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Every pitched sound can be thought of as a collection of individual sine waves at frequencies related to the fundamental. Gordon Reid introduces a powerful method of synthesis that works by manipulating these individual harmonics.
Last month, we examined the frankly scary maths allowing you to predict the audible effects of Frequency Modulation. This time, although the maths gets even tougher, Gordon Reid relates the theory to the practical implementation of FM synthesis on Yamaha's digital synths, as well as modular and non-modular analogues.
Christina Aguilera's debut single was a worldwide smash hit last year, thanks in no small measure to the distinctive work of producer and co‑writer David Frank. Mike Senior finds out how he did it.
As explained last month, audio-frequency modulation of the amplitude of a signal can be a powerful synthesis tool. The possibilities expand still further when we consider what happens when you use one audio-frequency signal to modulate the frequency of another...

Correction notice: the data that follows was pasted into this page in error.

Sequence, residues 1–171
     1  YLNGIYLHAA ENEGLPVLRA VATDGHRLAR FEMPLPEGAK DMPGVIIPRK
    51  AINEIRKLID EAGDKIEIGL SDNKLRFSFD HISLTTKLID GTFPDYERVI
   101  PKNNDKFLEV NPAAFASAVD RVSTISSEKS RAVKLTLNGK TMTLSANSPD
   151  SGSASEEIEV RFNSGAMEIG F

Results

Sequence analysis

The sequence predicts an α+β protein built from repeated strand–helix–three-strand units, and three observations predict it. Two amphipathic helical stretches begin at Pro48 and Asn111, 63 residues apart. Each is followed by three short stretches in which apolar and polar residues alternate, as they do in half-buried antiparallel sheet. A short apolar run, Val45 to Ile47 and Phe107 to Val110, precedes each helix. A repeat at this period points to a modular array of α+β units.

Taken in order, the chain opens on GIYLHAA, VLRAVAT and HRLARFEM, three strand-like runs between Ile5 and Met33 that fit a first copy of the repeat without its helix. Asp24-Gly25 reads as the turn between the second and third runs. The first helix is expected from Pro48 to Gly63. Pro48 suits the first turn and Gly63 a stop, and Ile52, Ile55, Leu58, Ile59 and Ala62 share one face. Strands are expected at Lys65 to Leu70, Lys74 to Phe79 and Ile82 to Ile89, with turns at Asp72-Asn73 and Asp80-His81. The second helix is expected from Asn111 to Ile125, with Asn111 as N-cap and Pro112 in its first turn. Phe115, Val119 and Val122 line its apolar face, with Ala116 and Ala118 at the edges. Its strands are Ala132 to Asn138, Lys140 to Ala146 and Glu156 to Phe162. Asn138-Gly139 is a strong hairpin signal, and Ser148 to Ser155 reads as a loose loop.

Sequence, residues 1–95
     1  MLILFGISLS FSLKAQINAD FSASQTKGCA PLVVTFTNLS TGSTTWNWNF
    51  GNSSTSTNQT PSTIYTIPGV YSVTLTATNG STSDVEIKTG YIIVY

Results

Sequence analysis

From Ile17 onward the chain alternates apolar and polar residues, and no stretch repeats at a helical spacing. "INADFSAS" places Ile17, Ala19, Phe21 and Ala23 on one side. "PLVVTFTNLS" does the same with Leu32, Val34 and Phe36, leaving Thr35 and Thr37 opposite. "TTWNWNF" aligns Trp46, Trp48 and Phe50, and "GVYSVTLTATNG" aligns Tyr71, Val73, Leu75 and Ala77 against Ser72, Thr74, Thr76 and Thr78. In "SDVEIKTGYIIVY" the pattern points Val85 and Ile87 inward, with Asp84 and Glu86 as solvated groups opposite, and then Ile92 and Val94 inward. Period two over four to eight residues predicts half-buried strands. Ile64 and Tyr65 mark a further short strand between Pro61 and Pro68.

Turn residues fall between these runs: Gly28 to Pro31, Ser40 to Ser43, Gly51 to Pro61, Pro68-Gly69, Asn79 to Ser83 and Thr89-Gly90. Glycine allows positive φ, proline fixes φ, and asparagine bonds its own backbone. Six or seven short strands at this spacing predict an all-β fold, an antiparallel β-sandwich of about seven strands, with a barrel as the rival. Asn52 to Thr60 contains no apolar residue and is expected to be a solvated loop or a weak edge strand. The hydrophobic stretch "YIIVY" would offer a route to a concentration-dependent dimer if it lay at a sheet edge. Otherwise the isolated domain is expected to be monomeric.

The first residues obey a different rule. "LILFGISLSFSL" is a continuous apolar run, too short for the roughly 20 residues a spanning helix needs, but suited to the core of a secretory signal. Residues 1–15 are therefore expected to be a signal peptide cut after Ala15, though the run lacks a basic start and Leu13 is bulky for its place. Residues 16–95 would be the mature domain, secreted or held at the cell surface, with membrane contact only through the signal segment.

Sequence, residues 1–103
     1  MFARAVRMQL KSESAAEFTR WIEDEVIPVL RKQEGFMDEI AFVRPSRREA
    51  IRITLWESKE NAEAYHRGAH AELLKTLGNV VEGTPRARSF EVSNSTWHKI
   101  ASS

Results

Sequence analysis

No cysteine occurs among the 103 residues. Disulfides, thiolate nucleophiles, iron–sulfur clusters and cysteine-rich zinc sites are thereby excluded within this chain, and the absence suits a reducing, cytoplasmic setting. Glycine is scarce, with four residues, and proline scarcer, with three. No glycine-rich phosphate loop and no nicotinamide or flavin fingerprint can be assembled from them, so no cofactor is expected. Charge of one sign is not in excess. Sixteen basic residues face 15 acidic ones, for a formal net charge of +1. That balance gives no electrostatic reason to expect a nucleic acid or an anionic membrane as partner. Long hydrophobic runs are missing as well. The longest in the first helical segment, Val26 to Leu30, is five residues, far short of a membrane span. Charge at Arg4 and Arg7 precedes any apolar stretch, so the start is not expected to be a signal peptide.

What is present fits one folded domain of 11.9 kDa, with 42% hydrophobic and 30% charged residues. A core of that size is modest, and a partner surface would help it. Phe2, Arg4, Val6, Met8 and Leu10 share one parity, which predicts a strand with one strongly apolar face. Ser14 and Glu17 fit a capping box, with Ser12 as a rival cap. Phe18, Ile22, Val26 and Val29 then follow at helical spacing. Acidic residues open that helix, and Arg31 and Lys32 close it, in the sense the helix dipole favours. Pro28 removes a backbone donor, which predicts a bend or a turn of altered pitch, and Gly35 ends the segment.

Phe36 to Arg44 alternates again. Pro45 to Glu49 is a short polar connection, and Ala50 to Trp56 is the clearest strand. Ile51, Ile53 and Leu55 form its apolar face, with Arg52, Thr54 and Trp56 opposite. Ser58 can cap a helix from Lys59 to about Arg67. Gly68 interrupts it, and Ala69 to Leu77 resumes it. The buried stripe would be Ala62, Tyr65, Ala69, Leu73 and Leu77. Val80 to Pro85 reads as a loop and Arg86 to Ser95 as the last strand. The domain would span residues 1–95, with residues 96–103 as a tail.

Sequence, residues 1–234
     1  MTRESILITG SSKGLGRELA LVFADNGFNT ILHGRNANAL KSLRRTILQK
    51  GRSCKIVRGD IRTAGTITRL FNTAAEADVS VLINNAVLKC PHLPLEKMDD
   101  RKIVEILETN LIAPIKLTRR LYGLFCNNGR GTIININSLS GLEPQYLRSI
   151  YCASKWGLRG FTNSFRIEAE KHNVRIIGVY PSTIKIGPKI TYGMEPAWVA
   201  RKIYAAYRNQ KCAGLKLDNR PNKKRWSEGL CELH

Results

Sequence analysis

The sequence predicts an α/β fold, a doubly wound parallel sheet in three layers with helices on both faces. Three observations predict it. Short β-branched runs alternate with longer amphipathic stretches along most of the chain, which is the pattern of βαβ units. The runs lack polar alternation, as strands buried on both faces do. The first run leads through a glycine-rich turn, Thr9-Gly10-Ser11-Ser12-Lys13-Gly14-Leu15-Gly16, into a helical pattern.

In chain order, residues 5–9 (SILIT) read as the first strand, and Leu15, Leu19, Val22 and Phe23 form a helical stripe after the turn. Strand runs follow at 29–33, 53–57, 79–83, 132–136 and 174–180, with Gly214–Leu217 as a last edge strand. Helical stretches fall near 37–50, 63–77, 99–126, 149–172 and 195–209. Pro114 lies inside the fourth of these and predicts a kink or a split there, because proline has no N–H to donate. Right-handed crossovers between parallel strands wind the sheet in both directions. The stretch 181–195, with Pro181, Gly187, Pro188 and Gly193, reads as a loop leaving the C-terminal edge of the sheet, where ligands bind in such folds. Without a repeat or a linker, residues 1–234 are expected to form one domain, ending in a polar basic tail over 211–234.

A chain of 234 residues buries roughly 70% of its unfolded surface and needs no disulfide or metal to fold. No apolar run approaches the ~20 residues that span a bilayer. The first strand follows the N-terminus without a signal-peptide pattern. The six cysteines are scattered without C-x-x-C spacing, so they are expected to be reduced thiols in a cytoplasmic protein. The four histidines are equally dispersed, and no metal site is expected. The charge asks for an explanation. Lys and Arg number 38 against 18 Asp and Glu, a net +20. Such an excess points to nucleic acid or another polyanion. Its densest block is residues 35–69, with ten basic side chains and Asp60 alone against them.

Having laid bare the inner workings of oscillators, contour generators and filters, Gordon Reid turns his attention to something which at first sight seems entirely self-evident. Can the humble voltage-controlled amplifier really hold any Synth Secrets?
Gordon Reid reveals some of the limitations of the 'classic' ADSR envelope with reference to a practical synthesis example, and explains some of the different types of envelopes found on 'classic' analogue synths, from AR envelopes right up to highly flexible digitally controlled EGs.
In Part 1 we explained how the tones of most real instruments can be reduced to patterns of harmonics, which can be generated using sine, saw, square or pulse waveforms. This month, we consider the sonic raw materials needed to imitate unpitched percussion.
How to find this classic multi-part 'synthesis explained' tutorial series on the current Sound On Sound site.
The first single from the Manic Street Preachers' This Is My Truth Tell Me Yours album entered the UK charts at no.1 — even though the band had adandoned their traditional power‑chord approach in favour of acoustic guitars, string machines and unusual synth effects. We talk to Dave Eringa, the producer who oversaw this successful change of direction.
It was the best-selling single of last year, and signalled a radical change of musical direction for Cher — complete with bizarre vocal processing. Yet, surprisingly, it was produced in a small studio in West London. Sue Sillitoe relates the astonishing tale of 'Believe'.